Gila Monster research
GILA MONSTER RESEARCH
Like the saguaro cactus (Carnegia gigantea) and the rattlesnake, the Gila monster (Heloderma suspectum) is emblematic of the desert Southwest. The Gila monster is not only the largest lizard native to the United States, but also one of only two known species of venomous lizard in the Americas. This stout-bodied lizard can grow to 50 cm (20 in) and is covered with black and pink or orange markings and bead-like scales. The Gila monster’s range is centered in western and southern Arizona, continuing south to Sonora, Mexico.
Despite public fascination with the species, relatively little is known about the ecology and behavior of the Gila monster in the wild. For this reason, managers at Tonto National Monument, Arizona, contacted the U.S. Geological Survey (USGS) to investigate why Gila monsters were being seen in developed areas of the park, particularly crossing the main road. Managers were concerned about possible lizard-human conflicts and the risk of vehicle traffic killing Gila monsters. USGS scientists initiated a research effort in Tonto National Monument beginning in 2004 to provide information needed to make management decisions and improve scientific understanding of the species. Specifically, USGS scientists examined the movement patterns, range requirements, dietary habits, and use of developed areas by Gila monsters within the park. The 2004 research effort also extended a program begun in Tonto National Monument in 1994 to recognize individual Gila monsters based on unique dorsal patterns identified from photographs.
The research team searched for Gila monsters in Tonto National Monument during the spring and late-summer monsoon season in areas of the park that the animals were known to frequent. Gila monsters were also captured when they were seen outside of these periods by park staff. Captured Gila monsters were weighed, measured, and photographed. Additionally, each Gila monster was injected with a small passive integrated microchip transponder (PIT tag), which carries a unique identification code that allows scientists to identify the animal each time it is encountered. Adult Gila monsters were surgically implanted with radio transmitters that allow scientists to track these lizards from a distance.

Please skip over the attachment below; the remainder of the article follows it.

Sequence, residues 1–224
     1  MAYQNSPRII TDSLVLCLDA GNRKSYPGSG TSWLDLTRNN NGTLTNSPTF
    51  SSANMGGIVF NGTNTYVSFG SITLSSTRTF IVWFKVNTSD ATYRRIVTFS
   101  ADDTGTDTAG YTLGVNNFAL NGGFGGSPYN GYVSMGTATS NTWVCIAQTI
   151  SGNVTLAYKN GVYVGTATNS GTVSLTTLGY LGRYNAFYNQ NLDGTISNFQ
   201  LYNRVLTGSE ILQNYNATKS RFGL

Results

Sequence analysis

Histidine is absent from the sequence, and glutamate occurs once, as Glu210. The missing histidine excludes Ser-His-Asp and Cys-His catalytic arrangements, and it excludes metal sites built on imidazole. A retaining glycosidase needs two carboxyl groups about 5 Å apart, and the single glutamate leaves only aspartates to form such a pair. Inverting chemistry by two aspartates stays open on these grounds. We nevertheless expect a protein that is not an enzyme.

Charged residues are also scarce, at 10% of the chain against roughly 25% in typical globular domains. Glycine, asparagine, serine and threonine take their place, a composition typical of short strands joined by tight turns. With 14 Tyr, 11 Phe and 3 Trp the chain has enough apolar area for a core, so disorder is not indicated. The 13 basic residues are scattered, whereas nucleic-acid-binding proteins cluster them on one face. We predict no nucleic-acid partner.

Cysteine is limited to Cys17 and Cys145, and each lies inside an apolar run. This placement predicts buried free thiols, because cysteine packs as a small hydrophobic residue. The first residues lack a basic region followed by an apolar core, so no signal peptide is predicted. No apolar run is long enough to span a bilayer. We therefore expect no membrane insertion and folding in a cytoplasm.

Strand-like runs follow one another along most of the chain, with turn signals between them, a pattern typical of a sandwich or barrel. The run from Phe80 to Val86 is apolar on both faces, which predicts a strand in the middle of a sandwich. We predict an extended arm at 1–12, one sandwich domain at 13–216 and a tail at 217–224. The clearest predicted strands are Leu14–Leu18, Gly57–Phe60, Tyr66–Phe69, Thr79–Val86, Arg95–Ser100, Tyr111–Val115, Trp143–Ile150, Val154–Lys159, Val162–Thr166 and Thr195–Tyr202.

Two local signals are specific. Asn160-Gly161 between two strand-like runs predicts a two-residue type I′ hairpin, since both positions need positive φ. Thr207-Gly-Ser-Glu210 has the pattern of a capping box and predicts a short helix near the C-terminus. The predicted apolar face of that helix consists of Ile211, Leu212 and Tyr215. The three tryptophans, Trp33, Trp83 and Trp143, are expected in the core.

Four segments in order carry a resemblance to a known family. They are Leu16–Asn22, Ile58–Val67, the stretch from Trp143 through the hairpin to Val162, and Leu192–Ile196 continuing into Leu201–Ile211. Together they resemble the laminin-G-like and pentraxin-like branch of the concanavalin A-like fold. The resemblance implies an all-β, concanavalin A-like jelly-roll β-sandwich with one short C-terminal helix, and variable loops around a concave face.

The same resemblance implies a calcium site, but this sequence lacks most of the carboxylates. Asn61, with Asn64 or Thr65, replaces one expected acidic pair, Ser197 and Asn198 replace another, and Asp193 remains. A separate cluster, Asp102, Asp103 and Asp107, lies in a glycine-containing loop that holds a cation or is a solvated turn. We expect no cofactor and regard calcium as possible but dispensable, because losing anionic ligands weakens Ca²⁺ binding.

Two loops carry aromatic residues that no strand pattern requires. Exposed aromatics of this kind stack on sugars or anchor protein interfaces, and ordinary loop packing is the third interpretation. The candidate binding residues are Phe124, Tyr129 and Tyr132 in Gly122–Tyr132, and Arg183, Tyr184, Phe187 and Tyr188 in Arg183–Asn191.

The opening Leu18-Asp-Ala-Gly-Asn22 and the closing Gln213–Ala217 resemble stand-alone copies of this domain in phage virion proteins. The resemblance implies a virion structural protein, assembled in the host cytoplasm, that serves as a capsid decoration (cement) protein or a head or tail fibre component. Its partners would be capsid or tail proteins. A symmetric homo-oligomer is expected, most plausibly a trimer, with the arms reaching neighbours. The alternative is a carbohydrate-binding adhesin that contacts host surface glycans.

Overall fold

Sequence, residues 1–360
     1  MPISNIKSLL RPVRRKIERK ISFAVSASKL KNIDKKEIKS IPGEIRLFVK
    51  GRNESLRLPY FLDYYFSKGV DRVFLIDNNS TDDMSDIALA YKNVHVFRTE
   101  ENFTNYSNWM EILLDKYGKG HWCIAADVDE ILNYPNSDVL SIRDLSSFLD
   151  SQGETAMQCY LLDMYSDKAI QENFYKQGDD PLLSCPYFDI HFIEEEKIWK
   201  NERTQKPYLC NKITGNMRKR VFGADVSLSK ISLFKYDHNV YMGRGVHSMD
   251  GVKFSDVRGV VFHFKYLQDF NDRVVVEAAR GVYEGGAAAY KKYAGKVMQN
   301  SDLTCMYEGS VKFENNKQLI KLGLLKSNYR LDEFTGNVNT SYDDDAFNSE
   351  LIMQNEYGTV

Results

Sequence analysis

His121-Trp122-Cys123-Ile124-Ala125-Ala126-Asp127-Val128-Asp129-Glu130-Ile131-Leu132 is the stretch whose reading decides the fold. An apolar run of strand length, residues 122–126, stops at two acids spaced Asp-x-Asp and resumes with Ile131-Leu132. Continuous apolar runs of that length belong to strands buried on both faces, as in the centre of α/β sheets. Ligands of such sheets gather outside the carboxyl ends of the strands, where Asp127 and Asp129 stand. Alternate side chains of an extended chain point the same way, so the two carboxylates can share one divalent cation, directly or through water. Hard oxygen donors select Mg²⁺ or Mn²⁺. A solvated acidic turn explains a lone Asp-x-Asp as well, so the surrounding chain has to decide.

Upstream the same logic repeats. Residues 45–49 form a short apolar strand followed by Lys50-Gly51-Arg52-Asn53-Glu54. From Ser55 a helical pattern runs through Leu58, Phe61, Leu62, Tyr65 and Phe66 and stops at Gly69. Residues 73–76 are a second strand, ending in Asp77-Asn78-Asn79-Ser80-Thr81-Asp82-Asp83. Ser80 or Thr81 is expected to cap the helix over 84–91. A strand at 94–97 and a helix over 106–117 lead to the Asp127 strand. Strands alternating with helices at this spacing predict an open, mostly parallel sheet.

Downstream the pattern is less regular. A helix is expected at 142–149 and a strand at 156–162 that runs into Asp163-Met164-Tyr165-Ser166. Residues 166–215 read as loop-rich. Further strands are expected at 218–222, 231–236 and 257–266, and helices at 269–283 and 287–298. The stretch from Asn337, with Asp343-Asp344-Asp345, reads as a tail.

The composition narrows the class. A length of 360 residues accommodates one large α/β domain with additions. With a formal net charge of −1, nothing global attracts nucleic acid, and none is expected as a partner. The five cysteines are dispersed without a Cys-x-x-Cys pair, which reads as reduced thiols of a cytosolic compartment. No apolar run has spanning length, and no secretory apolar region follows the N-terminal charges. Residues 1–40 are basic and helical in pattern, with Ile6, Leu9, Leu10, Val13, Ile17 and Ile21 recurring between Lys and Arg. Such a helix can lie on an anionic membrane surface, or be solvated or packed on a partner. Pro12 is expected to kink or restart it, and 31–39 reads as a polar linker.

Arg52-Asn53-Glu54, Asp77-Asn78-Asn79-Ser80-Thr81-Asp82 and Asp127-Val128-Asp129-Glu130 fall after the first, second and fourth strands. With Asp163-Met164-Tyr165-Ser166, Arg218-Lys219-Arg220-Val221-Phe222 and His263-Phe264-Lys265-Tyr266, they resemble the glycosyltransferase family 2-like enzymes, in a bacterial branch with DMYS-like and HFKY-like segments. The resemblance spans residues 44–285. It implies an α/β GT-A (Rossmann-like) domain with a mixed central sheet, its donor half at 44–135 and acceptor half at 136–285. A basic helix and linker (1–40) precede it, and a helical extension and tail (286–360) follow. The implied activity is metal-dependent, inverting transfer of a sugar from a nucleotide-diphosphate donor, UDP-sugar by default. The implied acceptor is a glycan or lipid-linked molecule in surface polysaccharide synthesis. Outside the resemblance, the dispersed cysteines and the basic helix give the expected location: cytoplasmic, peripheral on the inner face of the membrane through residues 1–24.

In Tonto National Monument, Gila monsters were found to begin emerging from their hibernation sites starting in late March, with activity peaking in early April. As expected, the USGS scientists found a number of Gila monsters crossing the main road below the visitor center parking lot. USGS research findings indicated that although Gila monsters use the entire monument as habitat, they seem to prefer rocky areas. Similar to the findings of other studies, the research team frequently found the radio-tracked animals below ground. These shelter sites were typically burrows that the lizards dug under boulders and small rock outcrops.
In terms of dietary habits, one of the Gila monsters captured by scientists regurgitated a freshly eaten clutch of six unbroken Gambel’s quail (Callipepla gambelii) eggs. Gila monsters also appear to be feeding in part on small mammals, including young desert cottontail (Sylvilagus audubonii). One of the radio-tracked Gila monsters was observed drinking from a leaking hose in the housing area. This observation is important because it shows the lizards are using human-modified habitat to meet basic ecological needs.